Sadly,

    w.

  272. Willis Eschenbach says:

    kadaka (KD Knoebel) says:
    June 10, 2014 at 8:52 am

    From Willis Eschenbach on June 9, 2014 at 11:02 pm:

    However, it appears you don’t believe my claim.

    Don’t twist my words after the fact. You said:

    While that is true for pure water at atmospheric pressure, it is not true in the ocean depths. There, the water continues to contract until it freezes.

    I showed at the ocean depths the water is not continuing to contract until it freezes. I didn’t believe your claim, I showed why. End, period, full stop. Now you clarified your statement, you changed the conditions, and implicitly say my rejection of your original claim means I appear to reject the revision.

    My apologies, for a second time it seems my lack of clarity has led us astray. When I said “It appears you don’t believe my claim”, by “my claim” I meant my claim that sea water continues to get denser up to the freezing point. As far as I can tell, you don’t believe it. I was not referring to the original claim.

    I did NOT mean it the way that it appears you’ve taken it. Because of my original lack of clarity, you thought my original claim was that we’d find ice on the ocean floor, and you quite rightly rejected what you thought I meant.

    But it appeared to me that you also rejected the idea that sea water continues to become denser right up to freezing. So before we go further, was I wrong in my understanding? Do you accept that sea water is not (as many people thing) at its densest at 4°C, but instead continues to get denser right up until it freezes?

    w.

  273. Willis Eschenbach says:

    Konrad. says:
    June 10, 2014 at 3:07 am

    Ultimately this is pointless.

    Any attempt to claim that because an 11 or 22 year cycle cannot be determined in SST records is a dead end as to disproving solar influence on climate or saving WUWT from the embarrassment of attacking those who were right at Talkshop.

    Konrad, you appear to misunderstand what is going on here. Nir Shaviv made a claim that he could detect the 11-year solar cycle in sea surface temperature records. This was not my claim.

    I showed, using his data and his methods, that there is no such significant cycle in the sea surface temperatures. That’s it. End of story. And it’s the same end every time I’ve looked at the story, using the claims of different authors and a whole host of climate datasets.

    Since that’s all I’ve done, it’s beyond me why you think this has anything to to do with Tallbloke’s Talkshop (where I’m banned from commenting), or with “saving WUWT” from some imagined embarassment. You seem to think I’m the one making claims. I’m not. I did one simple thing. I showed that Nir Shaviv’s claims that we can detect the solar cycle in the SST to be false. Everything else is just your bizarre imagination.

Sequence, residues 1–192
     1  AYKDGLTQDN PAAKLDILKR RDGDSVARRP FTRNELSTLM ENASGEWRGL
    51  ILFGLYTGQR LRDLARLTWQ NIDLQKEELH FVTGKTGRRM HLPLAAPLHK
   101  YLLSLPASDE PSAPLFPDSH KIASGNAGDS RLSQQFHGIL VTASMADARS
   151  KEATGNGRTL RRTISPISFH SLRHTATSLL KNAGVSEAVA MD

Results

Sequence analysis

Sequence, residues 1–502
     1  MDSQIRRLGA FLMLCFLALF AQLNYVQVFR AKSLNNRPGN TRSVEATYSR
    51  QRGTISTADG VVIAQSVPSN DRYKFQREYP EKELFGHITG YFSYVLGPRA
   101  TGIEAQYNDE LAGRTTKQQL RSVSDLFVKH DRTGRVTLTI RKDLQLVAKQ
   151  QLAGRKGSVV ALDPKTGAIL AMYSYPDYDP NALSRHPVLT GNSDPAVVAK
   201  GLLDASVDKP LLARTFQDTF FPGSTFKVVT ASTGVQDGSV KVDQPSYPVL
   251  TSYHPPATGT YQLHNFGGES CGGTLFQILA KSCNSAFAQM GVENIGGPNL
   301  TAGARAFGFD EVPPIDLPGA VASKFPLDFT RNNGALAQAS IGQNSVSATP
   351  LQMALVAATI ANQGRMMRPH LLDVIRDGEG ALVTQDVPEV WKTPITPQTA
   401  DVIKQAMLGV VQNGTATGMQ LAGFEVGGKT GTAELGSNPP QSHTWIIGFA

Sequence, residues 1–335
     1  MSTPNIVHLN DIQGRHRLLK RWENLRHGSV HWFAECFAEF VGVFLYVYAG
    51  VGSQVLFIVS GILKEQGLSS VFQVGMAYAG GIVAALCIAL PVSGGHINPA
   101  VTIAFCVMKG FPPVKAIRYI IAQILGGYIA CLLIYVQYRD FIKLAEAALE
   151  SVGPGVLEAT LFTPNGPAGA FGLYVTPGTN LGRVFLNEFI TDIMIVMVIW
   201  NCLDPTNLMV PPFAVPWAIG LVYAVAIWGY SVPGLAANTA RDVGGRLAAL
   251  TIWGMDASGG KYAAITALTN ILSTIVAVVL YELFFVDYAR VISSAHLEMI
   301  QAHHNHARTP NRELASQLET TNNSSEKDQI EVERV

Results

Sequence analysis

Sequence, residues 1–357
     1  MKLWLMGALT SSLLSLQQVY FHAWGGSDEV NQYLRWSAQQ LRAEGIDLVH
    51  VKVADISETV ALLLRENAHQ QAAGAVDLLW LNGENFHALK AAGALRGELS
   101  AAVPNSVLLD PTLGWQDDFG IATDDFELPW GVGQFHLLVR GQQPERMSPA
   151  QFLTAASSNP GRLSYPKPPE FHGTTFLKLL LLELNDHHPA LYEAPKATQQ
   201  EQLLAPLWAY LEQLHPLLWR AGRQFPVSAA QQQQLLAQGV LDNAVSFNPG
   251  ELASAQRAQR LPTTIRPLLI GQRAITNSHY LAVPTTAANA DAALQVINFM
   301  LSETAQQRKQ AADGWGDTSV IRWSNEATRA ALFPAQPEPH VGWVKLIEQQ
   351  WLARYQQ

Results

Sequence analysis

You did it. You can’t undo it. You just have to wear it.

    That is total and complete babble. I did what? I can’t undo what? I just have to wear what? You’re not making sense.

    If you incorrectly treat the oceans as a “near blackbody” instead of a UV/SW selective surface, you cannot possibly understand solar influence on climate.

    What on earth does that have to do with whether Nir Shaviv’s claims are correct? Are you sure you’re on the right thread?

    The effect that needs to be detected is vanishingly small. 0.8C in 150 years. We just don’t have the data. No amount of bleating about 11 year cycles can erase WUWT’s premature “real climate” style dismissal of our variable star’s influence on climate.

    Again, Konrad, you need to address this to Nir Shaviv. HE is the one claiming that the effect is not “vanishingly small”, but that it is large and significant. HE is the one claiming that we have enough data to show that it exists. Not me. Nir. All I did was show he was wrong.

    And “premature dismissal”? I haven’t dismissed anything. Quite the opposite. I’ve made a very public call for evidence that such an effect as you refer to exists … and nobody, including you, has been able to come up with the evidence. Instead, just like you, all they’ve come up with are excuses as to why the evidence doesn’t exist. Your excuse is that 150 years of data is not enough to detect a strong 11-year cycle, I’ll add it to the excuse list.

    And your reason may indeed be the case … but if so, it means the solar effect must be really, really small, because if it were significant, we’d have seen its effects in the climate data after a dozen solar cycles.

    So yes, as I remarked above, at this point I’ve seen lots and lots of excuses why we can’t find the effect … what I haven’t seen is any evidence. And whether the idea gets dismissed depends on the evidence, not on me, and not on WUWT.

    w.

  274. Willis Eschenbach says:

    mobihci says:
    June 10, 2014 at 3:15 am

    i quoted the problem i have with this thread, and it wasnt in the post itself, but the comments. but if you must have something from the post it is this-

    “What I am saying is that I still haven’t found any convincing sign of the ~11-year sunspot cycle in any climate dataset, nor has anyone pointed out such a dataset. And without that, it’s very hard to believe that even smaller secular variations in solar strength can have a significant effect on the climate.”

    you leave this as an implication that the subject is resolved, and of course mosher makes it a statement. but i find this statement just amazing in terms of how complex the system actually is.

    Thanks for the quote, mobihci, it makes it clear what you are objecting to.

    First, I do not see any implication in my words that the situation is “resolved”. In fact, in the previous paragraph from the one you quoted I said:

    Let me be clear about what I am saying and not saying here. I am NOT saying that the sun doesn’t affect the climate.